Jules Janssen spent a lot of time in high places. The French astronomer viewed a solar eclipse from the Himalayas. He escaped from Paris in a hot air balloon. And he almost died while in the mountains of South America.
But 125 years ago this week, he topped even those feats. He took the first observations from a small observatory at the summit of Mont Blanc, the tallest mountain in Europe — almost 16,000 feet high.
Janssen specialized in studying the Sun. And one problem intrigued him. He wasn’t sure whether oxygen in the Sun’s spectrum came from the Sun itself, or from Earth’s atmosphere. He’d taken spectra from different altitudes, but wanted to go higher. So he picked Mont Blanc.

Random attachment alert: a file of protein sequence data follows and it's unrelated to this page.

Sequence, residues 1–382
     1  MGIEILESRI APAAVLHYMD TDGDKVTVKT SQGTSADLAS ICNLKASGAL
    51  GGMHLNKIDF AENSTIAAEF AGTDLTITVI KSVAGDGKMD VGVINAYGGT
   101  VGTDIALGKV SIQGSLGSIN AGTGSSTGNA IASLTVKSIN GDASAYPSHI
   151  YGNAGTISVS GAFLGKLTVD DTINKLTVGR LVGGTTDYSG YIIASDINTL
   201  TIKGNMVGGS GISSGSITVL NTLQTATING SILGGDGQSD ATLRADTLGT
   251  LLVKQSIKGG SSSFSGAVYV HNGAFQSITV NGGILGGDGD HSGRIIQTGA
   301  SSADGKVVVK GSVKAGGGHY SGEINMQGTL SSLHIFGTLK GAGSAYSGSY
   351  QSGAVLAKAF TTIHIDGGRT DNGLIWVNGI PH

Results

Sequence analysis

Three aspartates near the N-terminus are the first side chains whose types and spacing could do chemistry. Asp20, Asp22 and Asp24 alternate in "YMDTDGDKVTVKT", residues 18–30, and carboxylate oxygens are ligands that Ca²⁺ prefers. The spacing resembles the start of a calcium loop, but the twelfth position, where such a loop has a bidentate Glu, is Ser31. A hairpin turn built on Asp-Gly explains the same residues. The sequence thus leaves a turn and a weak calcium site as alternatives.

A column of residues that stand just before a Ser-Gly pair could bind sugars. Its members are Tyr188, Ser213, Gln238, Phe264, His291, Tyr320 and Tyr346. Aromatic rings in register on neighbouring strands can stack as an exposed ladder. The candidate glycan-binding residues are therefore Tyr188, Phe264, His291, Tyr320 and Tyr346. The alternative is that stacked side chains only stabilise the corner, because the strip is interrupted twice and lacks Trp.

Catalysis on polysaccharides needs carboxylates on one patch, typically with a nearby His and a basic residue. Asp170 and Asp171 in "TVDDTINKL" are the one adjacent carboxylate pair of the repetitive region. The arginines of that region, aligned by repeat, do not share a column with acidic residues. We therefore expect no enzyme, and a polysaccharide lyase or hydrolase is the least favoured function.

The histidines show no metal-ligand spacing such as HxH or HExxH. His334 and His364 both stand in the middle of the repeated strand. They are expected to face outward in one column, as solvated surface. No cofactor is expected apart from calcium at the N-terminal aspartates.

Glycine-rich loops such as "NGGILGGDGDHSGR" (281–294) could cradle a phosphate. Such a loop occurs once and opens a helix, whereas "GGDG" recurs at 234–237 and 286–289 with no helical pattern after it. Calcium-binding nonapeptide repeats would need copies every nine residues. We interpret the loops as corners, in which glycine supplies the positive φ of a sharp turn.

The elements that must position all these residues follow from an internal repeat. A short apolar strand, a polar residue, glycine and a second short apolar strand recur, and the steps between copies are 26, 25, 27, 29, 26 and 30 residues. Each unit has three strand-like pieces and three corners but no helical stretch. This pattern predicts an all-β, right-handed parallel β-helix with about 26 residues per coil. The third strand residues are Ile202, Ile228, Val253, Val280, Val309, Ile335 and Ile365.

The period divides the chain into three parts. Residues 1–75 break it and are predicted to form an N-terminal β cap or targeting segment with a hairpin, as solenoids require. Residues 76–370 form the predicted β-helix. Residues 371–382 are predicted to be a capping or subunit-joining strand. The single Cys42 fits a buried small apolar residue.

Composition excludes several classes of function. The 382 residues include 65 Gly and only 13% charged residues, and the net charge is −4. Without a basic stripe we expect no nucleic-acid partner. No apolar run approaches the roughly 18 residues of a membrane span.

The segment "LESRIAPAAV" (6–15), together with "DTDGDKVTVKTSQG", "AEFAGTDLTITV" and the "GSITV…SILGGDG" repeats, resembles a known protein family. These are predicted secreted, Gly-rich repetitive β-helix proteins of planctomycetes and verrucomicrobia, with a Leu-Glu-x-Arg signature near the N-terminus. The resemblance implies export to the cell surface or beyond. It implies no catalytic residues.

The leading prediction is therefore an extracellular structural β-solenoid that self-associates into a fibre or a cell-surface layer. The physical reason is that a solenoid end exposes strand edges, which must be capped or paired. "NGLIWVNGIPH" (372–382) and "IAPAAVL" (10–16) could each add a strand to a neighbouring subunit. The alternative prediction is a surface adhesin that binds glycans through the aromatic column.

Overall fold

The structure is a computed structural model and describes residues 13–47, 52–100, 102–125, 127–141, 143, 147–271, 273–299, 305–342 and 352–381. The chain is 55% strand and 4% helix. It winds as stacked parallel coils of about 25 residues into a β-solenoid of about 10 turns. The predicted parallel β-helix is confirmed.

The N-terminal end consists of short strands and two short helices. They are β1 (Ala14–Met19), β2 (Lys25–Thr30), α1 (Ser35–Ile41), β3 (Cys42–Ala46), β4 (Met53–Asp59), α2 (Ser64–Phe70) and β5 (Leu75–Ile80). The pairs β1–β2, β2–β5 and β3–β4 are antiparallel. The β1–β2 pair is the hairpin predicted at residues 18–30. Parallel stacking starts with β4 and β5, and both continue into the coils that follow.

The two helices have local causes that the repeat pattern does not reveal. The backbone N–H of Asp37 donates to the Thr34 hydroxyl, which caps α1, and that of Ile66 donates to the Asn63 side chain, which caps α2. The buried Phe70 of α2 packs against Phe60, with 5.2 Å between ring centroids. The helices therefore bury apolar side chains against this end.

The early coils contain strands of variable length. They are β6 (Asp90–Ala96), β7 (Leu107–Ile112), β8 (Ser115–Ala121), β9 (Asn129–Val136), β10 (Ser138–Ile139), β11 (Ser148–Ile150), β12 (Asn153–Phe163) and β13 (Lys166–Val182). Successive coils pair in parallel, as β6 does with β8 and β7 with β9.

Building an observatory there took a major effort. The summit was covered with ice, so there was no rock to anchor the observatory. And everything had to be carried to the top by hand.
The observatory was finished in September of 1893. Janssen, who was nearing 70, was carried up the mountain in a sled on the 11th. A storm delayed his research, but he made his first observations a few days later.
Over the next few years, about 25 scientists visited the facility. They photographed the Sun, listened for solar radio waves, and studied the planets. They also studied the weather.
By 1906, though, the shifting ice had tilted the observatory. And in 1909, a crevasse opened beneath it, so it was torn down — ending the short life of the Mont Blanc Observatory.